SAN FRANCISCO -- Google thinks it's time for an Internet-connected watch that performs many of the same tasks as a smartphone but with fewer distractions and rude interruptions.
The Internet's most influential company is trying to unleash a new era in mobile computing with a version of its Android software tailored for high-tech watches and other devices that can be worn instead of held.
The "Android Wear" operating system released Tuesday is an altered version of Google's popular software that powers more than 1 billion of the world's smartphones and tablets. The new software will run on an array of so-called smartwatches scheduled to be released later this year.
The Android watches will be less conspicuous -- and perhaps less obnoxious -- than Google Glass, the high-tech headwear that includes a small camera and thumbnail-sized display screen attach to frames that look like a pair of spectacles.
Google so far has only sold the $1,500 Glass device to a limited number of people known as "explorers." Some of those early Glass adopters have been mocked as goofy-looking geeks while others have been ridiculed and scorned for being able to take video and photos surreptitiously without the consent of those around them.
Like Glass and smartphones running on other versions of the software, the Android watches will respond to voice commands such as "Ok Google" to play a specific song, send a text or make a restaurant reservation. It will also feature a virtual assistant, called Google Now, to learn a user's routines and preference so it can automatically show important information that can be seen with a quick look at the wrist.
Google is already trying to create more uses for Android watches by making the software available to computer programmers interested in making apps for the software.
Cultivating more applications will be crucial because smartwatches probably may never become the main device that people use to help manage their lives, said Gartner analyst Brian Blau. That means consumers are going to have to see more compelling features to be persuaded to spend another $100 or $200 for a complementary device to a smartphone or tablet.
"Fashion is a big industry, but selling these watches will be more of challenge," Blau predicted. "We still need to see what kind of cool apps there will be and what kind of new behaviors they will enable."
The first Android watch may come from Motorola Mobility, a Google subsidiary that is in the process of being sold to Lenovo Group. Motorola already has built a prototype of its Android watch, called "Moto 360," that will go on sale this summer. No details on pricing were announced.
LG Electronics, a frequent Google partner in the smartphone and tablet markets, and fashion accessory maker Fossil Group also say they will share more details about their Android watches in the coming months. Other device makers working on Android watches include Asus, HTC and Samsung Electronics, according to Google.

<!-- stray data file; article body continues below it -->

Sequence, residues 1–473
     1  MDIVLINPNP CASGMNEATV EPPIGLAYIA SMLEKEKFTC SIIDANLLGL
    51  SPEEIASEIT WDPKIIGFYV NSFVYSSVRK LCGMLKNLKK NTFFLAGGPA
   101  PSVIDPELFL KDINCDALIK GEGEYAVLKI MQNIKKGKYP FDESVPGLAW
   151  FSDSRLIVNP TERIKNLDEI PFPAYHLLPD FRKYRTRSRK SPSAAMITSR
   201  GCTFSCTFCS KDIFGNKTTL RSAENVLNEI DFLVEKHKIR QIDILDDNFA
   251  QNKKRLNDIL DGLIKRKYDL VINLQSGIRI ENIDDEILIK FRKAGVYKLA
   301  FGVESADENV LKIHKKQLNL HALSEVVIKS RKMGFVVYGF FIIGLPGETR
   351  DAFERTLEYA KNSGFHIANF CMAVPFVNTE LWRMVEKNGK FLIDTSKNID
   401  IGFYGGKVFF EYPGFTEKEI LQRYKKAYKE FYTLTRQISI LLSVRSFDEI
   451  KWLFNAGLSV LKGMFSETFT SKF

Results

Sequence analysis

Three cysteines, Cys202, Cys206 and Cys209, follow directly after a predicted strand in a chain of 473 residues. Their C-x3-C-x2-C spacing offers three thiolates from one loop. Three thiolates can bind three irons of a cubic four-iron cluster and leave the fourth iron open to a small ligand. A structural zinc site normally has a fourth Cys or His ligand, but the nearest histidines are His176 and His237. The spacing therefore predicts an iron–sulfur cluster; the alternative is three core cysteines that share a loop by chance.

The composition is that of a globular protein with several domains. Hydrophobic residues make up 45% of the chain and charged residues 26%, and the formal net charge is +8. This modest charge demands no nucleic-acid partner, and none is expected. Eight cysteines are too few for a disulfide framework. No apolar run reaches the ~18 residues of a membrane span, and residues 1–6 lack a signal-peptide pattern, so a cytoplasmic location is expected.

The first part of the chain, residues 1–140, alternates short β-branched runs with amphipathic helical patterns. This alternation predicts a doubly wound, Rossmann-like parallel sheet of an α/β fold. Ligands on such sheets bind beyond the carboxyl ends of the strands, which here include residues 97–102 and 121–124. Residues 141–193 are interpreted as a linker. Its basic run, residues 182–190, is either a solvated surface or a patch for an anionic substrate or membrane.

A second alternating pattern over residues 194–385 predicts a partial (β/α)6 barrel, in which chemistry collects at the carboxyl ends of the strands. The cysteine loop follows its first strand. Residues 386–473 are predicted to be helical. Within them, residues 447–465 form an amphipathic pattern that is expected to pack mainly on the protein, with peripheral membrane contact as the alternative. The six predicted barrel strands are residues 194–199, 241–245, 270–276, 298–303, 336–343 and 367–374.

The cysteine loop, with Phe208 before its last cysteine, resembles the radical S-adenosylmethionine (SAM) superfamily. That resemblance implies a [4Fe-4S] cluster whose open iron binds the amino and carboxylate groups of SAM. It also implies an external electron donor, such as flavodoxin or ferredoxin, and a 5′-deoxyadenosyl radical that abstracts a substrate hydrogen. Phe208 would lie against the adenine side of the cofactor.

Those companies will likely be competing against a highly anticipated smartwatch from iPhone maker Apple Inc. that is expected to be unveiled later this year. True to its secretive nature, Apple hasn't confirmed any plans to add a watch to its product line, although CEO Tim Cook has left little doubt he is intrigued by the concept.
There are already several other smartwatches on the market, including a recently released timepiece from Samsung that runs on that company's own operating system.
So far, those watches have proved to be novelties that primarily appeal to gadget-loving geeks and physical fitness enthusiasts looking for more tools to help track their workouts and general health.
Google's new take on Android may help cultivate more mainstream appeal for smartwatches. The software already is the most popular smartphone operating system in the world with a 79 percent share of the market, according to the research firm International Data Corp. Apple's iOS software ranks second with a 15 percent market share, so that company's entrance into the smartwatch category would also help spur more innovation in the category.
Smartwatches and Google Glass are just two of the first examples of how computing devices increasingly are expected to become like appendages to the human body as technology advances and connecting to the Internet becomes as reflexive as breathing. Google executives have even openly talked about day when it might be possible to help people live longer and more enjoyable lives by planting chips in their heads or under their skin.
"The possibilities with devices that you wear on your body are endless," David Singleton, an Android director of engineering, said in an online video posted Tuesday.